Numbers seal Bhutan’s UNSC fate

Socio-economic strength and trade links follow

Bhutan can keep aside its United Nations Security Council (UNSC) dreams for now as the tough numbers game shows that Bhutan will not have enough votes to get a seat at the UNSC.

The country’s expanse in terms of diplomatic relations and their offices was one of the main reasons cited by Lyonchhen Jigmi Y. Thinley due to which Bhutan fell short of miles to cinch the desired votes.

On arrival from attending the 67th session of the UN general assembly in New York City, Lyonchhen in his briefing at the Paro airport delivered a report of the transpirations at the general assembly which included the ‘up-to and now’ progress on Bhutan’s possible UNSC candidature.

Lyonchhen said “It will be difficult to gain a seat on the UNSC through elections”.

He said a key and cornerstone reason toward it is Bhutan’s number of diplomatic relations with other countries.

Bhutan presented its candidature to the UN in 1999 when no other countries had expressed interest but of late two countries had shown interest. They are South Korea and Cambodia.

South Korea and Cambodia are nations which have diplomatic relations with almost every country. And an added benefit for South Korea lies in its most conspicuously granted assistance to many nations which totals to a tune of almost US$ 5bn.

Cambodia meanwhile is a nation strategically favored given its nature of governance.

In comparison to the level of socio-economic development, trade and commerce and defense strengths, Bhutan only had a far off chance, said Lyonchhen since the nations vie for the seat with all these factors in perspective.

In the case of South Korea, said Lyonchhen, “we had repeatedly requested them to withdraw their move for candidature. We told them that they had previously been a member in the Security Council that they have been a UN member for only 20 years whereas Bhutan is now in its 43rd year as a member”.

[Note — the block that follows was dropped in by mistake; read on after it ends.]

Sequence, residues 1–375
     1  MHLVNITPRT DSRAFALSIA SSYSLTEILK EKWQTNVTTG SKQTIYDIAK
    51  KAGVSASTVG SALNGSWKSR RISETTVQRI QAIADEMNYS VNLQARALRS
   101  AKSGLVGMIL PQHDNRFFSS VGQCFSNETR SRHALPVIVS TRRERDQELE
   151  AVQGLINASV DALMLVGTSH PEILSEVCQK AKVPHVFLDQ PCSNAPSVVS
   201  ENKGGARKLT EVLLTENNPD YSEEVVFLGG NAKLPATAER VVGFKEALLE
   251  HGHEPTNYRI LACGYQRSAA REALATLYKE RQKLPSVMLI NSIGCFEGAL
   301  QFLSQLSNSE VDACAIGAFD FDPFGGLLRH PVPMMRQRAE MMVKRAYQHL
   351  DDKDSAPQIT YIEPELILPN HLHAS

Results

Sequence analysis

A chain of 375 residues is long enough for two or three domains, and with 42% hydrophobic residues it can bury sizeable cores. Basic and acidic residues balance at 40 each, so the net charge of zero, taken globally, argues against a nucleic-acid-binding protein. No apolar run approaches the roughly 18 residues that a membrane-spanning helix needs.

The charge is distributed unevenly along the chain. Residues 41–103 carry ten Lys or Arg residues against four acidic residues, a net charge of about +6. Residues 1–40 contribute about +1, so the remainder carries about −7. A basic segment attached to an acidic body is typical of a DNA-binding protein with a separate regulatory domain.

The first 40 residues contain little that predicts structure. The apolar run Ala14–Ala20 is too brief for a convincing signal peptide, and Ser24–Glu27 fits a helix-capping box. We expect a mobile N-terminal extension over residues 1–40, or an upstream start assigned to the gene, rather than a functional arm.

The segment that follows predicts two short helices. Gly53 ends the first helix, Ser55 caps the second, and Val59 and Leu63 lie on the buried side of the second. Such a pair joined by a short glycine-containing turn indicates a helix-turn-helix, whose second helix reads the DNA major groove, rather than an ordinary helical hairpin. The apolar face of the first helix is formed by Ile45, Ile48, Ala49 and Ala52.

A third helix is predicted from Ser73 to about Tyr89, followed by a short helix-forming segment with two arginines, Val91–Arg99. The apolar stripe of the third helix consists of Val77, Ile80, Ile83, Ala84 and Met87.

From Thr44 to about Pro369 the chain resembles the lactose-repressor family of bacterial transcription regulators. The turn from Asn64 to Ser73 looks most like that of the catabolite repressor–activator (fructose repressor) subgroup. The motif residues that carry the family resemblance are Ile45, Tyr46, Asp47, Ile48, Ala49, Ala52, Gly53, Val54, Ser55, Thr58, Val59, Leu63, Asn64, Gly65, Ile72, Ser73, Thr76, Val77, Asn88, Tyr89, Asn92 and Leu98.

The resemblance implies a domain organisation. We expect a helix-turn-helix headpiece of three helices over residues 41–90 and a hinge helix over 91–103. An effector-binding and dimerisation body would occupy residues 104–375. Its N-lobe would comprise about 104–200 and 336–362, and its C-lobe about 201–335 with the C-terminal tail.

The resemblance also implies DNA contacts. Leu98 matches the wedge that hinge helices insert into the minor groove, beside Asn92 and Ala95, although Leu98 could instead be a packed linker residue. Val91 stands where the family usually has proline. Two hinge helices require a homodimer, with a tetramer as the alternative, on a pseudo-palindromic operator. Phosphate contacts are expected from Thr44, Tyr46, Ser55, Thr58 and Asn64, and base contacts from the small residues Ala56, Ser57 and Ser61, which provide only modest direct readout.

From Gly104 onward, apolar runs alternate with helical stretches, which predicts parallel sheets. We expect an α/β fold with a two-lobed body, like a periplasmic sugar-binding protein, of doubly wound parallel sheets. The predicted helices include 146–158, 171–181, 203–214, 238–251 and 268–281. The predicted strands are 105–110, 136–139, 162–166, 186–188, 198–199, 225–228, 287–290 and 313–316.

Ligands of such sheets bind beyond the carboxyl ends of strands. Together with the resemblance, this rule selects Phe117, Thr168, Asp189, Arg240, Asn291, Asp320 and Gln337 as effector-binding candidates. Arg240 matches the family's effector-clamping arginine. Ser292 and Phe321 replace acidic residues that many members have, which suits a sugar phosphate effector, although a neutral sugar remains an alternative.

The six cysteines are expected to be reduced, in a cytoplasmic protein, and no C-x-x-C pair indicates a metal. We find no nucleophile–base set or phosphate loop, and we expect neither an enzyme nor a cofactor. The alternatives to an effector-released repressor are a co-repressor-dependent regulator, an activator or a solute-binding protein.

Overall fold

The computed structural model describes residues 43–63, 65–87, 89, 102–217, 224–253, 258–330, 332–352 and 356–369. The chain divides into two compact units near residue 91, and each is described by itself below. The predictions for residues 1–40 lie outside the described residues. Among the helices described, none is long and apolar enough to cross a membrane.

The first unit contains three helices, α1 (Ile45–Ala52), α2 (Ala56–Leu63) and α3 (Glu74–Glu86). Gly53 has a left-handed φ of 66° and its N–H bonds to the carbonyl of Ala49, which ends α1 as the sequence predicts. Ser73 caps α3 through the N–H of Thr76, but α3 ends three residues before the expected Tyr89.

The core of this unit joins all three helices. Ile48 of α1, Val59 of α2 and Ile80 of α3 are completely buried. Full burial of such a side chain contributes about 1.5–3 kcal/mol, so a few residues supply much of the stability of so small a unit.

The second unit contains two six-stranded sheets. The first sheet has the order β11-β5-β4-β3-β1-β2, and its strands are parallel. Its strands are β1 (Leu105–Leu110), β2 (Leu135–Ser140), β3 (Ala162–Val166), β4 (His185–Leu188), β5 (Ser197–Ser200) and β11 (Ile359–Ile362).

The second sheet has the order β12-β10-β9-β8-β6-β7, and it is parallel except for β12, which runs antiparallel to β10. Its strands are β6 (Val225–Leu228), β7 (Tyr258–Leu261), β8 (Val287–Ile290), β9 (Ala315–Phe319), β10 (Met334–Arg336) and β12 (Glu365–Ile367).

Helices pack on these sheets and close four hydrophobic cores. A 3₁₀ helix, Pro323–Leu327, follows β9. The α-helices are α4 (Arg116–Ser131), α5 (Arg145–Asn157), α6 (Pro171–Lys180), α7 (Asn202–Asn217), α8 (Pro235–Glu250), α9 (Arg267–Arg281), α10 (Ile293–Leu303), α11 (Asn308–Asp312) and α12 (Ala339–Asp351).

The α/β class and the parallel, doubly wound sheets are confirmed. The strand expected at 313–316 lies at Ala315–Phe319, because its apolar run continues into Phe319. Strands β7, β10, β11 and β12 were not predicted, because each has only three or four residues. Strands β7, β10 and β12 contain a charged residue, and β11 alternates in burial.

However, S Korea expressed the immense benefits they would have if they are member of the UNSC. How it will help the security of its nation etc. “So they didn’t want to back away from scoring seat in the SC,” said Lyonchhen.

This is however not the ‘be all end all’ of matters for Bhutan.

“Bhutan will not withdraw from the process,” clearly stated the Lyonchhen.  This decision arises from rigorous consultative discussions with supportive voices and the cabinet.

The Lyonchhen was of the view that all this would allow Bhutan to tell the UN it did not stick with the principles of democracy. And in that he said Bhutan promoted itself on the basis of sovereign equality, principles of democracy, and rotation basis.

Bhutan’s silver lining in this crusade for the non-permanent UNSC seat, is the many relations it built along the way with many countries.  Lyonchhen said “Bhutan is now well-known and respected by UN members, and its independence, sovereignty, and security has only been further strengthened”.

Currently, Lyonpo Khandu Wangchuk who is the acting foreign minister remains in New York to continue Bhutan’s most concerted efforts to convince more countries and garner their support.

Lyonchhen in his briefing said that the establishment of diplomatic relations with 15 more countries is expected.

UN security council elections are scheduled for October 18.

 

Sonam Pelvar / Thimphu

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4 comments

  1. GIVE NO HAPINESS GET NO HAPPINESS